Why using ‘resistance’ label could come back to bite anti-Trumpers

Why using ‘resistance’ label could come back to bite anti-Trumpers
The First Resistance, by E. Percy Moran, c. 1911 (Image: Library of Congress)

The word resistance is fast becoming the anti-Trump political buzz word of 2017 around which all the organized opposition forces and haters are huddling.

The most notable new member of the resistance is Hillary Clinton, who on May 2 told CNN’s Christiane Amanpour, “So you know, I’m now back to being an activist citizen and part of the resistance.”

Days later, on May 15, Clinton announced her new PAC, Onward Together. Not surprising, its motto begins with “Resist,” as in “Resist, insist, persist, enlist.” Given that those words stand alone on the homepage, is this a subtle sign that Clinton wants to be the hero of the “Resistance”?

If so, Clinton is going to have to fight California Rep. [score]Maxine Waters[/score] for that title, according to a recent Daily Beast headline that jubilantly announces: “Maxine Waters: From ‘Most Corrupt’ to Resistance Hero.” The piece reports:

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Rep. Maxine Waters has been reborn at the age of 78, emerging as a folk hero to the anti-Trump resistance for her repeated torching of the president.

Then get ready for some explosive hot air as headlined in the Washington Examiner: “Democrats kick off anti-Trump ‘Resistance Summer.’” The piece explains:

Democrats are hoping to capitalize on the anti-Trump excitement in their base by staging a coordinated ‘Summer of Resistance’ across the country that’s aimed at countering the agenda of President Trump and the GOP-led Congress.

Enough! Time for Americans to resist the word resistance. My growing agitation and visceral reaction to the R-word has nothing to do with the existence of the anti-Trump movement, but rather with the opposition calling itself the “Resistance.”

These feelings stem from growing up as a baby boomer in post-war America. In my mind, “resistance” refers to the underground movements throughout German-occupied Europe during the Second World War where brave men and women heroically, creatively and secretly fought back against the Nazis and supported the Allies.

Let’s face it: The anti-Trump forces have adopted resistance as their go-to word because a facet of Trump Derangement Syndrome equates Trump with “der Führer” and the Trump administration with the Third Reich. Truly, this is a sick perversion of the word’s 20th century historical meaning.

How far we have fallen since 2009 when the first organized opposition to President Barack Obama was called “the tea party.” Named after a 1773 pre-Revolutionary War anti-tax incident that unnerved our British rulers, the modern tea party spread like wildfire throughout the nation. Consequently, tea party-propelled voter energy helped Republicans win back control of the House of Representatives in the 2010 midterm election. (After that election, President Obama allegedly used the IRS to thwart tea party growth, but that is an unresolved issue for another day.)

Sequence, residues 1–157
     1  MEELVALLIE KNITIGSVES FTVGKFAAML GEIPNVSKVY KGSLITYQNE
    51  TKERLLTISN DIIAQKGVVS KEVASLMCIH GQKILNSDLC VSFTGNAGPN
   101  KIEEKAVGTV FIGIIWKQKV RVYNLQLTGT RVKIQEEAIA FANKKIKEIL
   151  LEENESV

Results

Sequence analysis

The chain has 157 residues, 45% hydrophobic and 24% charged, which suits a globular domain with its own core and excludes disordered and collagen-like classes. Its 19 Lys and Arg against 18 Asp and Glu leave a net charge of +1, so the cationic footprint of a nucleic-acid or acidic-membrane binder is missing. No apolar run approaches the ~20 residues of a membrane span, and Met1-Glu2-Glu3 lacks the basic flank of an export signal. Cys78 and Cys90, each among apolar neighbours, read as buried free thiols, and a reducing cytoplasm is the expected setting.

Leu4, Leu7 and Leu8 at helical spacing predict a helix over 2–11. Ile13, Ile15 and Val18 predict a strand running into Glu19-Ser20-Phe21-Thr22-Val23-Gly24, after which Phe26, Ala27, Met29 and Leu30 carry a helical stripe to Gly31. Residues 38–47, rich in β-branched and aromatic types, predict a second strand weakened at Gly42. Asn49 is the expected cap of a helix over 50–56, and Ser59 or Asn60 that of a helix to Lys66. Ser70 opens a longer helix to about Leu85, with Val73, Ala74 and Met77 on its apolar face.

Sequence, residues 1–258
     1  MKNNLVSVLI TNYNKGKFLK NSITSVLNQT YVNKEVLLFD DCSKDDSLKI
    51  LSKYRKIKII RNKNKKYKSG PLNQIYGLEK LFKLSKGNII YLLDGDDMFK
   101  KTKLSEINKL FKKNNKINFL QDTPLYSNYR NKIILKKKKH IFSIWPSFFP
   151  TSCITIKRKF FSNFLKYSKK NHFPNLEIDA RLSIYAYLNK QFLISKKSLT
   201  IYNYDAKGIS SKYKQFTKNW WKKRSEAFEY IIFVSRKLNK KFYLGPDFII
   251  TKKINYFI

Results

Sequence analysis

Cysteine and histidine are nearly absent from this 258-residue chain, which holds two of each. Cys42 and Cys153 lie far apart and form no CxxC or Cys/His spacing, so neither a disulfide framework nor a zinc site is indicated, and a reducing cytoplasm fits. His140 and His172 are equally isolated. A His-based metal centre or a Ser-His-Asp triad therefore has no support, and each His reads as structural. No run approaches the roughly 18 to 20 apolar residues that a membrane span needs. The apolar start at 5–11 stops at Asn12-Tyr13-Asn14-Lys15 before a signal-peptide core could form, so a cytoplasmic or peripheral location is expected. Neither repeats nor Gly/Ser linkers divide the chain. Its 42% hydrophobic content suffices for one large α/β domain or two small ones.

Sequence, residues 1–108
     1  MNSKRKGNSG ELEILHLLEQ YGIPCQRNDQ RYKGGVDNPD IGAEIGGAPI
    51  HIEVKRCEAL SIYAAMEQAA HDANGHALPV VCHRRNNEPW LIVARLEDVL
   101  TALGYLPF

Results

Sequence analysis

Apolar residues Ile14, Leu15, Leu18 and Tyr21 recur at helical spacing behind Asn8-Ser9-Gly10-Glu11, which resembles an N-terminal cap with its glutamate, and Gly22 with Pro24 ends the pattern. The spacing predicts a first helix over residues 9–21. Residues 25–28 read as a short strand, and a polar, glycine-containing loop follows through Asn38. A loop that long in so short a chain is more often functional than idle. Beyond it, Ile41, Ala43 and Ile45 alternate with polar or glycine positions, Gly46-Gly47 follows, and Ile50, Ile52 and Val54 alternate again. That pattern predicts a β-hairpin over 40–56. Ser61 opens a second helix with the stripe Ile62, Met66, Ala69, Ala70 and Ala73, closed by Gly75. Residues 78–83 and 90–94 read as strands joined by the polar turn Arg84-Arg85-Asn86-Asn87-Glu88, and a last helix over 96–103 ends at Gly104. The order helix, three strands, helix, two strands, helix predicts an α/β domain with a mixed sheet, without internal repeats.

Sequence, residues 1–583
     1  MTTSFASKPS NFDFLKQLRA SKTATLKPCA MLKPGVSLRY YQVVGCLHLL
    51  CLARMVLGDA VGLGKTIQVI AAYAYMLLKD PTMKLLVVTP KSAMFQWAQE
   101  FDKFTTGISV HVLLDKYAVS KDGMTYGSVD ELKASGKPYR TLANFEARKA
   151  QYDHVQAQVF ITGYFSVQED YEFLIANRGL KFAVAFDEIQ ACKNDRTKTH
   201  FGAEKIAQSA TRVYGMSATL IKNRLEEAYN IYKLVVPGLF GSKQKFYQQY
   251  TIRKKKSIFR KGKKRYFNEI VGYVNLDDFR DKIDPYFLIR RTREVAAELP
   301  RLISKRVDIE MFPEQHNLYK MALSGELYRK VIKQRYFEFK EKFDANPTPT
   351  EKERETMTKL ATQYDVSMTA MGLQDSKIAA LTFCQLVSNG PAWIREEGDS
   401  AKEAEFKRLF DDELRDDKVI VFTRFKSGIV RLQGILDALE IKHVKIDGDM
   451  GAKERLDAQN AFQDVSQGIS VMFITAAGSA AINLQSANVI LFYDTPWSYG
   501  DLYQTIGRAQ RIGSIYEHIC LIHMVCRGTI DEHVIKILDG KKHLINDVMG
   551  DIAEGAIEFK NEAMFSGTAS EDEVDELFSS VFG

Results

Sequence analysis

The point is that political movements named after related historical events can strike a chord with names that matter. Now the tables are turned, and the “Resistance” is trying to ignite and then emulate tea party-like results against President Trump and the Republicans. But the comparisons end there.

The tea party was analogous to a piggy-bank funded mom-and-pop store that grows overnight into a huge national chain. In contrast, the Trump resistance was officially planned two months after Trump took office, is highly subsidized by George Soros’s extensive interconnected network of organizations, and is cheered on by its faithful allies, the mainstream media.

Furthermore, labeling organized opposition to President Trump the “Resistance” could be a politically strategic miscalculation for Democrats.

Older college-educated white voters who traditionally turn out in large numbers for midterm elections could also have a visceral reaction to the word resistance. And, despite Trump’s many flaws, many of those voters recognize that calling anti-Trump sentiment the “Resistance” is meant to be a dog-whistle signaling Trump is Hitler reincarnate.

Most important, and unlike the war Resistance, Americans citizens are not risking their lives fighting for freedom against their own authoritarian government. Thus, Democrats are denigrating the historical meaning of the word in an attempt to score political points and galvanize legions of liberal “snowflakes” (many clueless about the word’s history).

The good news is there will be an election in 2018 and again in 2020. Maybe the “Resistance” will win back one or more chambers of Congress or maybe not. Maybe “we the people” will re-elect Trump in 2020 or maybe not. That is how our democracy works. Fortunately, our leaders will not be toppled by the so-called “Resistance” continually marching in the streets whose organizers have George Soros on speed dial.

Memo to the “Resistance” from a patriotic Republican concerned about our nation: Discontinue using the name “Resistance” and shift to the “Loyalists,” the “Socialists” or the “Wish Trump Fails” (WTF party for short.) Trust me; the “Resistance” is offensive, extra-polarizing, a cheap shot, and the historical reference works against your cause.

Cross-posted at WND

Myra Kahn Adams

Myra Kahn Adams

Myra Kahn Adams is a media producer and political writer. She was on the 2004 Bush campaign's creative team and the 2008 McCain campaign's ad council. Writing credits include, National Review, Washington Examiner, World Net Daily, Breitbart and many others. Contact Myra at MyraAdams01@gmail.com